Cove Family Dentistry - December 2019


Tooth Be Told


We’re Moving!


dvent is upon us! Advent can be loosely translated as “the coming.” For many of us, Advent is a very busy and sometimes chaotic time of year despite its accompanying message of peace on earth. Getting ready for what is

I hope you will share in our excitement during this time. Peek in the windows and see how it is coming along. I would like to tell you a little bit about the new space. It will have additional treatment rooms, all of which will offer the privacy and comfort of our two large rooms. At least one of the new rooms will be dedicated to the treatment of TMJ and sleep apnea. We will also have a consultation room, which will allow us to go over finances or extensive treatment plans in a dedicated, private space. The dental lab in the new office is considerably larger. This will reduce the noise in the office and allow us to better serve patients who need nightguards, sleep apnea devices, same day crowns, bleaching trays, etc. I am both excited and intimidated by all of this change, but I know it will be worth it once we are settled. Preparing our new dental home involves a lot of work. Until the move is complete, I will be dedicating all of my “extra” time and energy coordinating the move to minimize disruptions. We will be pausing the newsletter until spring because of the extra effort involved in the move. I hope to begin sending this newsletter again once the move is completed as it has been a really fun way to keep in touch.

coming can take over if we don’t remember the “why.” For me, getting ready is my favorite part of the Thanksgiving and Christmas season. It’s when my family and I spend the most time together creating memories. This is where I find peace during this hustle, bustle season. I hope that this Advent, we will all feel the peace of the season! My family has a few traditions that make this time special. Chris is an avid baker and makes gingerbread from scratch each year, and we decorate homemade gingerbread houses. This is one of my favorite times. I love listening to Christmas music, watching my girls eat way more candy than they should, and smelling my husband’s gingerbread baking. We will be adding a new tradition for our family this year, one that is rooted deeply in my husband’s heritage: baking houska bread using a recipe passed down from his relatives from Czechoslovakia! Since it is Advent, I would like to focus this issue of the newsletter on what is coming. We are moving! The office will be moving into the Publix plaza next to Subway early next year. We love our little house (I had imagined we would be there forever and just expand the building as needed), but it has not been meeting the needs of our patients for some time due to ongoing issues. Change is never easy but sometimes it’s necessary. The build is coming along nicely, but will take some time. I promise it will look better than these pictures when we are done! I do not have a definitive date for the move, but I will be posting updates on Facebook and in the office!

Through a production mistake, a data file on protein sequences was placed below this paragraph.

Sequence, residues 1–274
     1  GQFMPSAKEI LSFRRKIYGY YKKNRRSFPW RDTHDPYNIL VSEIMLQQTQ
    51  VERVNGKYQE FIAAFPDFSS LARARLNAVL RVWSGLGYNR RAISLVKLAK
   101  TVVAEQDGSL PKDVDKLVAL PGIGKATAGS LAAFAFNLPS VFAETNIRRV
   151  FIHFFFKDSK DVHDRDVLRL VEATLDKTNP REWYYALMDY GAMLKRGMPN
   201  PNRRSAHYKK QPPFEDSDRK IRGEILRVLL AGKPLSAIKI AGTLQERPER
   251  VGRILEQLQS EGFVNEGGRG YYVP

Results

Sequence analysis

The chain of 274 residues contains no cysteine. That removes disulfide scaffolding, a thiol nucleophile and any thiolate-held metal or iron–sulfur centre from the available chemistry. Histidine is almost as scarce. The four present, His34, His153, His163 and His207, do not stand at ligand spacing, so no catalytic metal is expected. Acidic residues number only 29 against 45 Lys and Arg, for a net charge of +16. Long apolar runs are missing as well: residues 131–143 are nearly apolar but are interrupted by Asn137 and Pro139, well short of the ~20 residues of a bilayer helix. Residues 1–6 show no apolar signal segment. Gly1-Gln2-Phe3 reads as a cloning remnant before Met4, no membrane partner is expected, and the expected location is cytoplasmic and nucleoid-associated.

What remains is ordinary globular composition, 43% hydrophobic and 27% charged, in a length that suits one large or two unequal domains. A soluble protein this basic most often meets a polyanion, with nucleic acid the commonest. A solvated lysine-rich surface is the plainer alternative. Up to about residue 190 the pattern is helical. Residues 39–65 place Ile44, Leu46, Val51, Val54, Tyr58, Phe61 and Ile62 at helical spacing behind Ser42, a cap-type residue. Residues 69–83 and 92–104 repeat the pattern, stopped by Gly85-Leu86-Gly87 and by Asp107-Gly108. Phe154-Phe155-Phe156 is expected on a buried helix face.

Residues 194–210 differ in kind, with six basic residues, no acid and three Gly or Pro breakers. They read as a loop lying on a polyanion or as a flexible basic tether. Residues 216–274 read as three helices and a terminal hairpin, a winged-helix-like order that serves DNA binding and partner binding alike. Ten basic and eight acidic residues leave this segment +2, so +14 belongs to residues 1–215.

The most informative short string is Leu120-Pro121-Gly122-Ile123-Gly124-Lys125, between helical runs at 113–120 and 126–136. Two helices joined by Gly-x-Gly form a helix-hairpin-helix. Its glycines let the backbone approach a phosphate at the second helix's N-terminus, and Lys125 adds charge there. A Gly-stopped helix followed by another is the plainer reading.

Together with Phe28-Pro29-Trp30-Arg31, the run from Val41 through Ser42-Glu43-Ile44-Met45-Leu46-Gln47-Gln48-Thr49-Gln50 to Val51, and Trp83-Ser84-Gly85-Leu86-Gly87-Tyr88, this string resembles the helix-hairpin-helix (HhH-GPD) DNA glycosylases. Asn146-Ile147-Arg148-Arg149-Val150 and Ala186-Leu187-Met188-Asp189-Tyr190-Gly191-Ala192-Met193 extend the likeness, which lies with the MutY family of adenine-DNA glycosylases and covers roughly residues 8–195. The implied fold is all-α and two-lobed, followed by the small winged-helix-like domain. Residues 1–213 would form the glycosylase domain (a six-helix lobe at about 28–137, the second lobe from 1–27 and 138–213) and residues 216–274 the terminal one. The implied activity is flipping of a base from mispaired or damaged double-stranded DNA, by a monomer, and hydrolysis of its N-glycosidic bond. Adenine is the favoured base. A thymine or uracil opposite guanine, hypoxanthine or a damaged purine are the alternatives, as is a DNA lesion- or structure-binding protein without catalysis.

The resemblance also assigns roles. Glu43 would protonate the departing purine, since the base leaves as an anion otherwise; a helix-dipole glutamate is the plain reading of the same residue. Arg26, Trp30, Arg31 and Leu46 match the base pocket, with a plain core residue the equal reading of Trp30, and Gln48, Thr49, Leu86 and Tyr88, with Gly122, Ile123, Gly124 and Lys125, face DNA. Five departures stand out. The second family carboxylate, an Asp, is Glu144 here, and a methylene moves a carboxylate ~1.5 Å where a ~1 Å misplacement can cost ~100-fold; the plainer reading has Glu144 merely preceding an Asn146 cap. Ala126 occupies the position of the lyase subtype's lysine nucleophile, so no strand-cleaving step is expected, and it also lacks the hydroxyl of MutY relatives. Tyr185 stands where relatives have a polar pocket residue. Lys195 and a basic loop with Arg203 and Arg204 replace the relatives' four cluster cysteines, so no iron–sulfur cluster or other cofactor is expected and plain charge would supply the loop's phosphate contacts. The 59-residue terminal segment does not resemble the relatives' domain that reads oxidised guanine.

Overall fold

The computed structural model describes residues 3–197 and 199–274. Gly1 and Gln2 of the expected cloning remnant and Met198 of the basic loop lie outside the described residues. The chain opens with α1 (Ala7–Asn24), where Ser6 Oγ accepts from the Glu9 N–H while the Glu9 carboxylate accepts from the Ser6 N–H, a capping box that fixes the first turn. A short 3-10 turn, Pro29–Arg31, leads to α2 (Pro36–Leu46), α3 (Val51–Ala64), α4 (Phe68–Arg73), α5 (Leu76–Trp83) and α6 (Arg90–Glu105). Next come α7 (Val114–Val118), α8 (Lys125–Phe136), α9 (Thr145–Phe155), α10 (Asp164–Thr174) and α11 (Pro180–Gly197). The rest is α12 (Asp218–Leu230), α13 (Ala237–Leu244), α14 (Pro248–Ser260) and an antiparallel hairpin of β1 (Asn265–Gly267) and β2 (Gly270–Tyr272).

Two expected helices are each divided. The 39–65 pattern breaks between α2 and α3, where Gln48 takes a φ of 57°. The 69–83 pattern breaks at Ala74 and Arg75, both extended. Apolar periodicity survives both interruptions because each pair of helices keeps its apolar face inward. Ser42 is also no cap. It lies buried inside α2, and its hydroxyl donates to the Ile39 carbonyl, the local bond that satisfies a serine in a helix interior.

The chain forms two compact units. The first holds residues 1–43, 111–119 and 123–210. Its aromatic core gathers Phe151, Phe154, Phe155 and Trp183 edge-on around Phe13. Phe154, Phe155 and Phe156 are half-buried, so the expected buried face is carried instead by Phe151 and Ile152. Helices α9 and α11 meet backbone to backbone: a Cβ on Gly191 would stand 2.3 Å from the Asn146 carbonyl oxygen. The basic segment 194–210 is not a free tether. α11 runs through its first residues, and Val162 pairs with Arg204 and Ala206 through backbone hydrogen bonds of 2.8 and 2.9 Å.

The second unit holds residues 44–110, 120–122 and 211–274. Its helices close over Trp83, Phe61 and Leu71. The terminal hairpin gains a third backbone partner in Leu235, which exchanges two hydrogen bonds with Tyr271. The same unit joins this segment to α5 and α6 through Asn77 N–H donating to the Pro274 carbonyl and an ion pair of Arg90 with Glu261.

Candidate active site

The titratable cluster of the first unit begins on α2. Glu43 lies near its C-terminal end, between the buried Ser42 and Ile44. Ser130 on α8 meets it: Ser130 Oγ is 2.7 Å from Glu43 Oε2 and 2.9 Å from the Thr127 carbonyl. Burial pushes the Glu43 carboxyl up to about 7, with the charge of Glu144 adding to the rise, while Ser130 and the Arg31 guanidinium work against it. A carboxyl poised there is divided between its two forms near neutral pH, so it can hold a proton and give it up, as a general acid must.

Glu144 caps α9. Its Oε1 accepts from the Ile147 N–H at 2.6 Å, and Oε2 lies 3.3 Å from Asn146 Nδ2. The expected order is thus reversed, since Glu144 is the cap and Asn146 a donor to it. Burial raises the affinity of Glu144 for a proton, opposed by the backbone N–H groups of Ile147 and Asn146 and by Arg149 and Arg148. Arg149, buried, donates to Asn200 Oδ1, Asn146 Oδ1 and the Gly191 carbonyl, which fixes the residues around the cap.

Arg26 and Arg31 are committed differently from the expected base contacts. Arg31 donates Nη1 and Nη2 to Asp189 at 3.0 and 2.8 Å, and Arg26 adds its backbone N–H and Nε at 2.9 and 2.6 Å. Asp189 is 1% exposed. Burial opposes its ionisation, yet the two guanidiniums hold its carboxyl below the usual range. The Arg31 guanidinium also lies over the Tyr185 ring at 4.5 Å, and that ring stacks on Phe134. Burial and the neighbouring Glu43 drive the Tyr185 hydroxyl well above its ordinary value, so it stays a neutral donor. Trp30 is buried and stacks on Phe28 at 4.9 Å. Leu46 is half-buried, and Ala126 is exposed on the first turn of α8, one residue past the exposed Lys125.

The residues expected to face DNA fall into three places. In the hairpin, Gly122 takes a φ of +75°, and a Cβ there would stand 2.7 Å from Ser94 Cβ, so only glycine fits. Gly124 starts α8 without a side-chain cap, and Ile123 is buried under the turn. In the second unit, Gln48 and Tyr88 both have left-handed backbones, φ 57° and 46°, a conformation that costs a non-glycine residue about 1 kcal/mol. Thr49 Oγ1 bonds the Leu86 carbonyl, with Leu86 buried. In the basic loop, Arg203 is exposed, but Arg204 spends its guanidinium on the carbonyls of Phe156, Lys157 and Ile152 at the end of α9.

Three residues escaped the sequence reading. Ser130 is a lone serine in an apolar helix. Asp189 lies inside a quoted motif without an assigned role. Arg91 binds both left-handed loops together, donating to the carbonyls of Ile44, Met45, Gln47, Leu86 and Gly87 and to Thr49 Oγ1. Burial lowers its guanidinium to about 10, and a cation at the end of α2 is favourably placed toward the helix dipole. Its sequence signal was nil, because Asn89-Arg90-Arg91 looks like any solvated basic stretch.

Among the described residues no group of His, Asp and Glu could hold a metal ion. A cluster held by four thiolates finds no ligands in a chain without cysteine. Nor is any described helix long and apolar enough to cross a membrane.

Wishing you and your family joy and peace that will carry throughout the year!

—Dr. Elizabeth Duling



MORE THAN JUST ‘YOU’LL SHOOT YOUR EYE OUT!’ Lessons Families Can Learn From ‘A Christmas Story’

In 1983, one movie introduced Red Ryder BB guns, fishnet-clad leg lamps, and bright red bars of soap into America’s everlasting Christmas mythos. Now, over 35 years later, “A Christmas Story” continues to delight audiences every holiday season with timeless lessons for viewers of all ages. In a story where kids are clever and kind, and parents are bumbling and wise, “A Christmas Story” has more lessons to offer families than just, “You’ll shoot your eye out!” Your kids are listening to you (oh, fudge!). They aren’t always obedient, but that doesn’t mean they’re not listening. After Ralphie lets slip the “queen mother of dirty words” in front of his father, the narrator reminisces about first hearing that word from his old man — possibly when he was trying to get their furnace to work. He doesn’t admit this to his mother, but it’s a lesson for parents everywhere that kids may hear more than they let on. Kids won’t believe in magic forever. Magical stories about Santa or even “Little Orphan Annie’s” Secret Society fill children’s hearts with wonder but won’t enchant them